Saturday, February 6, 2021

Nabataean Incense and the Goddess Al-Uzza

Watching the series Sacred Sites of the World, I learned of the city of Petra in modern-day Jordan with its Nabataean Temple of the Winged Lions where the goddess Al-Uzza and the Egyptian goddess Isis were likely worshipped. This would make it yet another ancient site where incense was burned ceremonially to the goddess.  

The Nabateans (300 BCE to 106 CE) were Arabian nomads from the Negev Desert who "amassed their wealth first as traders on the Incense Routes which wound from Qataban (modern-day Yemen) through neighboring Saba (a powerful trade hub) and on toward Gaza on the Mediterranean Sea." 

Some archaeologists think the Queen of Sheba was a Sabaean.  I was informed by a DJ in Jamaica that the Rastas sing about the Queen of Sheba bringing ganja to King Solomon. 

The goddess Al-Lat (center), flanked by
Manat and al-Uzza.
Photo by Osama Shukir Muhammed Amin. 
One of a trio of Goddesses with Al-Lat and Manat, Al-Uzza was the supreme mother goddess, considered by some to be the Nabataean equivalent of Aphrodite. Like Ishtar, she is the Goddess of the morning and the evening star, and like Asherah she was associated with lions. The Goddess standing on a lion is a theme found at an ancient Judahite shrine where, it was recently discovered, frankincense and cannabis were burned at its altars.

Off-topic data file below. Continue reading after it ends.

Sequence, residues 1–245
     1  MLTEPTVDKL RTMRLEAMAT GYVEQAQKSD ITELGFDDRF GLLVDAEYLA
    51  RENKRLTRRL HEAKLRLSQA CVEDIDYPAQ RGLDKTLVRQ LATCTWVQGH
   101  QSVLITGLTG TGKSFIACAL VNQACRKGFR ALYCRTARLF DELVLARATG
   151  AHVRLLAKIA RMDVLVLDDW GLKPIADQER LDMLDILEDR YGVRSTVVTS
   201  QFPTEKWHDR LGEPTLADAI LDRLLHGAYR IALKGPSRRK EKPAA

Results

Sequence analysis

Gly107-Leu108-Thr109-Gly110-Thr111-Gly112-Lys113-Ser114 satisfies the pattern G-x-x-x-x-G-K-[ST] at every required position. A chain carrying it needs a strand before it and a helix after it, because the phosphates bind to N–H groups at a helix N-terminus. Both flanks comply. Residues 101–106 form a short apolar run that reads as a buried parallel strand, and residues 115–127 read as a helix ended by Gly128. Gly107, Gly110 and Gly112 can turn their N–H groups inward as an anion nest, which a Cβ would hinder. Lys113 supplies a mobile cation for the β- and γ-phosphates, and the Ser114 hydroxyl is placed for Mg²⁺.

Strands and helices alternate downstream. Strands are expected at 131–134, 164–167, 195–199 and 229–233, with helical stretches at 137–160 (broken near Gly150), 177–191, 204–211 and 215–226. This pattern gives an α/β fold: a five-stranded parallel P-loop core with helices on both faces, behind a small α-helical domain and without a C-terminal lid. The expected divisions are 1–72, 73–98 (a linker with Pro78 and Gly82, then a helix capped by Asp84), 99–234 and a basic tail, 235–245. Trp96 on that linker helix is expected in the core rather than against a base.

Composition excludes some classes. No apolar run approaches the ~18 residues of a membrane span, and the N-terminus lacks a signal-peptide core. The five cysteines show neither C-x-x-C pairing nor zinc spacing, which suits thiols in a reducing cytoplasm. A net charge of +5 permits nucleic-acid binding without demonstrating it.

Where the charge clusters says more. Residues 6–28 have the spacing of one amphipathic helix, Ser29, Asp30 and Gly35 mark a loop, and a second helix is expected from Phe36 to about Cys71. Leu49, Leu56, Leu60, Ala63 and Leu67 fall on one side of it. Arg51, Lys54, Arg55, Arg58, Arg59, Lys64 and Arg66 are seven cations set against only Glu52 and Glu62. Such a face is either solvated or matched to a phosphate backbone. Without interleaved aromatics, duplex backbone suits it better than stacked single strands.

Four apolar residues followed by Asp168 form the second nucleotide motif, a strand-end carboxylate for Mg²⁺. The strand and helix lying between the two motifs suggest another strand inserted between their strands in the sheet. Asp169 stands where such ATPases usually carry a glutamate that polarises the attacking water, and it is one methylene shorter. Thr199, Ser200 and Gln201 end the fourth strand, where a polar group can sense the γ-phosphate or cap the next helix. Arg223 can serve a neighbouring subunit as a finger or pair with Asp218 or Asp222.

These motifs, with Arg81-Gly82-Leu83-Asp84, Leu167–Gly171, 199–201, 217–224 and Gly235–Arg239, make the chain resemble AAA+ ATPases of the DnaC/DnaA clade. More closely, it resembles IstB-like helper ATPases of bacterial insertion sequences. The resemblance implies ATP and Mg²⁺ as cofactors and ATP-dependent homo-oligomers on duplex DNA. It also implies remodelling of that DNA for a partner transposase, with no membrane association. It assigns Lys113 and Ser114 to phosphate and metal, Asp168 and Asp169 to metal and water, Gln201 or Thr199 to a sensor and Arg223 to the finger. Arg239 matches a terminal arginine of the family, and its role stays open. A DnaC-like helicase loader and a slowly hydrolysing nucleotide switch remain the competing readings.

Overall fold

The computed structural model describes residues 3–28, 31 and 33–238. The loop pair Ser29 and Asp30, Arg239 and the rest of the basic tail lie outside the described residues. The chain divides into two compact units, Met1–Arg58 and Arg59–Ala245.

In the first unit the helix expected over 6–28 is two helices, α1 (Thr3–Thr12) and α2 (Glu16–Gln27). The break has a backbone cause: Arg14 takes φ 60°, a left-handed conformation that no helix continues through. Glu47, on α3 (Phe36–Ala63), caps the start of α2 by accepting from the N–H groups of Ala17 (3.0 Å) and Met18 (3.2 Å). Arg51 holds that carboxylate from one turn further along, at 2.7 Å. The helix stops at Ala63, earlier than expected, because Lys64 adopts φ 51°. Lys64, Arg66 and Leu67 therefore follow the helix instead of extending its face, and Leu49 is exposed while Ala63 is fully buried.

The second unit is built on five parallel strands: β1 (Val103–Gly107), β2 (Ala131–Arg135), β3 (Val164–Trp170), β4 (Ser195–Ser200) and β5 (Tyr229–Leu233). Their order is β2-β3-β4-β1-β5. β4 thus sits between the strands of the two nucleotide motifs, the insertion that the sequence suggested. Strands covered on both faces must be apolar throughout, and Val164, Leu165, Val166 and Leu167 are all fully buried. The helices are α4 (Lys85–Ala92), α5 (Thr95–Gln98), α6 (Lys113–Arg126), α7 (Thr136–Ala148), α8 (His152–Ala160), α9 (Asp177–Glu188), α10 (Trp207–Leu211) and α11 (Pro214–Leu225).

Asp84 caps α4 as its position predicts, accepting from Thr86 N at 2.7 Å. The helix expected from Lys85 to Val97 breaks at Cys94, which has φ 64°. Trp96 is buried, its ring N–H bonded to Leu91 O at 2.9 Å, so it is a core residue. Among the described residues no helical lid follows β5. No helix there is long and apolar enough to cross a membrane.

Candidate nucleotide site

Anthropologist Sula Benet theorized that the biblical incense kaneh bosm meaning "aromatic cane" was cannabis, mistranslated as "calamus" in the modern bibles. A 2008 study noted that frankincense (resin from the Boswellia plant) is psychoactive and has antidepressant qualities. And a recent article compares myrrh's effects to marijuana's. The Wise Men of the Bible brought frankincense and myrrh along the Silk Road, another ancient trade route that trafficked in spices and medicines, among other commodities. 

Much of the Nabatean kingdom was looted following invasions, and much of its herstory may be lost. But more and more, the story of the ancient goddesses and their connection to cannabis is being pieced together (see links in this article for more).  

No comments: